Monday, June 18, 2012

Common Logical Fallacies part II

My apologies for not making a blog post in such a long time. Truth be told I've gotten somewhat lazy with it, plus I am always busy with work these days. But so long as I can keep this blog at least somewhat active, maybe it will be of benefit. In short, I've decided to post an addendum to my previous blog post on common logical fallacies. I won't describe various obvious ones such as Fallacy of Composition or Ad Hominem because I trust that even laymen can discern the obvious faultiness of those arguments. Sadly I only wish to outline one fallacy today, I will do more in the future. But let's not waste anymore time and continue to observe some of the fallacies that have peaked my attention over a few months.

6) Post hoc ergo propter hoc: Don't let the Latin fool you into thinking that this something very technical and formal. It translates to "after this, therefore, because of this" or simply put "correlation =/= causation." In an expression, it would be "A happened, then B occurred. Therefore A caused B." It simply means that because there is a correlation between A and B, does not mean that therefore A caused B. To prove this conclusion there needs to be solid evidence to support the sequence. But too often there is no such evidence present because it often looks like the correlation between two events are synonymous, therefore one HAD to have caused the other- meanwhile disregarding other factors that can potentially rule out the connection the two variables possess. An example that I come across way too often that shows the radical nature of this fallacy is as follows:
-Christianity legalized throughout the Roman empire around 313 A.D
-The fall of the Roman empire happened shortly after, thereby commencing the   Dark Ages
-Therefore Christianity caused the Dark Ages
Many historians and amateurs feel a great sense of frustration when they read something like this. This is because the people that are proclaiming this as clear reasoning, don't ever take into consideration the numerous factors that insinuated the cause of the Dark Ages. For example the Barbarian Invasion of Rome,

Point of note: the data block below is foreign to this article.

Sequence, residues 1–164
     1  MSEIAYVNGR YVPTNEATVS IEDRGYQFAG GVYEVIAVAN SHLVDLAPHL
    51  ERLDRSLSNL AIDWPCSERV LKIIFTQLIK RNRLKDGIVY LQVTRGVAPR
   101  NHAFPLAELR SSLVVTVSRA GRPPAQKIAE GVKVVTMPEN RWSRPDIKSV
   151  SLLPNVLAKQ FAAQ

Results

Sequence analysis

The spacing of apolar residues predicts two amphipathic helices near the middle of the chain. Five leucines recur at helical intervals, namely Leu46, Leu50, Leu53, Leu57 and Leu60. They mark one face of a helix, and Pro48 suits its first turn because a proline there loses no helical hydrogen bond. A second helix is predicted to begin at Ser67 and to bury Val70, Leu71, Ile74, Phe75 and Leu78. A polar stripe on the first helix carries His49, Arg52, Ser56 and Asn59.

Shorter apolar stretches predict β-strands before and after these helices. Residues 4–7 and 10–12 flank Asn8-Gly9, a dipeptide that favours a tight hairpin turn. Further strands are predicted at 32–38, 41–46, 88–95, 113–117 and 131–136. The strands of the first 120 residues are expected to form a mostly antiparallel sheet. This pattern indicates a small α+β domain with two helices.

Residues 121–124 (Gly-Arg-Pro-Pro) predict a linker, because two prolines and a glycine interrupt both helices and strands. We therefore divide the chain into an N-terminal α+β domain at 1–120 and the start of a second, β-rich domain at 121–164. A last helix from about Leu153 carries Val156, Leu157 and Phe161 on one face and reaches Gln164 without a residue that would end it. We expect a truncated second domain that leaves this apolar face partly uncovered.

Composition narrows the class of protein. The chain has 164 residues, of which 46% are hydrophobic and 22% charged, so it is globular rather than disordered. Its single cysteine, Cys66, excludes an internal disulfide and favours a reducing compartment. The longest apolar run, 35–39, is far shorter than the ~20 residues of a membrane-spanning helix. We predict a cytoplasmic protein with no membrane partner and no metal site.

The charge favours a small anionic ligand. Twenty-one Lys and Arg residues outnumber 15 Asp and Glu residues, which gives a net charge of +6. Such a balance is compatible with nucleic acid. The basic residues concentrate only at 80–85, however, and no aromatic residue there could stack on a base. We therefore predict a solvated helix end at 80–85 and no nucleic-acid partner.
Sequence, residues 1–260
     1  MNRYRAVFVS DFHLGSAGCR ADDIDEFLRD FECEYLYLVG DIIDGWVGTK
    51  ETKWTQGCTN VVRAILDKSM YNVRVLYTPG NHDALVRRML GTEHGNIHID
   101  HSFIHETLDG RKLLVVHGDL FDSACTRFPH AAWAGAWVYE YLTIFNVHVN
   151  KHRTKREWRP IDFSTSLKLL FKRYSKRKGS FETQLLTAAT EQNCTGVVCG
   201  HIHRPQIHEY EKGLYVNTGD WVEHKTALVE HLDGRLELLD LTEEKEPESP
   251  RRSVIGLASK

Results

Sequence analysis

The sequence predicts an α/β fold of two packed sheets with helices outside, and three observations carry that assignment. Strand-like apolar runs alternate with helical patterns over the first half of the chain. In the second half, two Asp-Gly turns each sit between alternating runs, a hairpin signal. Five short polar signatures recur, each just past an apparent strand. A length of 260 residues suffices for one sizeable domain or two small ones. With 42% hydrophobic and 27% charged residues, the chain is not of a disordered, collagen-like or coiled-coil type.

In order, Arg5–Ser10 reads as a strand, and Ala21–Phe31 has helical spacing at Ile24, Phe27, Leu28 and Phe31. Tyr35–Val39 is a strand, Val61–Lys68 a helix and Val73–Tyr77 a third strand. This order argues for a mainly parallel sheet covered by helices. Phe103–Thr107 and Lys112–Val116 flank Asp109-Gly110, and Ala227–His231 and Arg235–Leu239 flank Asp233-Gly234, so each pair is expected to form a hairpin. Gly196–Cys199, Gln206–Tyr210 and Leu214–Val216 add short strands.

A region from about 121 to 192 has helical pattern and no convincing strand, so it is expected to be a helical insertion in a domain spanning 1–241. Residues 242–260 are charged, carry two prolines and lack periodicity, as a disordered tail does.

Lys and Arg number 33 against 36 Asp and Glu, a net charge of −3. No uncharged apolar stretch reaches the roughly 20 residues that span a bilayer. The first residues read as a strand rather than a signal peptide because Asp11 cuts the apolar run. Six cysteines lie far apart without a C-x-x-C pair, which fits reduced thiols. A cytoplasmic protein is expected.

the rule of Roman tyrants, plagues, poor economy, the loss of intellectual texts and manuscripts etc. Again, many feel tempted to say that Christianity started the Dark Ages because it happens to become legalized throughout the empire just before the Dark Ages swallows western Europe. But there clearly exists several inconsistencies with proof when attempting to convince others that the case is true.

On a more academic perspective, the theory of Christianity starting the Dark Ages is all too empty to even be considered a viable axiom in antiquity. Indeed many Christian or historical apologists would argue that Christianity did a lot in the field of science and thought throughout the middle-ages. As for all the universities a lot of clergymen have established- and the famous thinkers and philosophers and theologians that have contributed much to the realm of knowledge and science.

But In short, to spot someone trying to use this sort of arguments; it helps a lot to be knowledgeable about what the argument entails, but as well as to always spot a relationship between correlation and causation of two events. If there is no proof of A actually causing B, then the case is dismissed as committing the logical fallacy of Post hoc ergo propter hoc. It's not hard to spot this sort of lazy generalization in day to day activity, many forms and examples of this sort of none-sense is used a lot in politics and media today, so you won't ever get bored of discovering when this fallacy is used.

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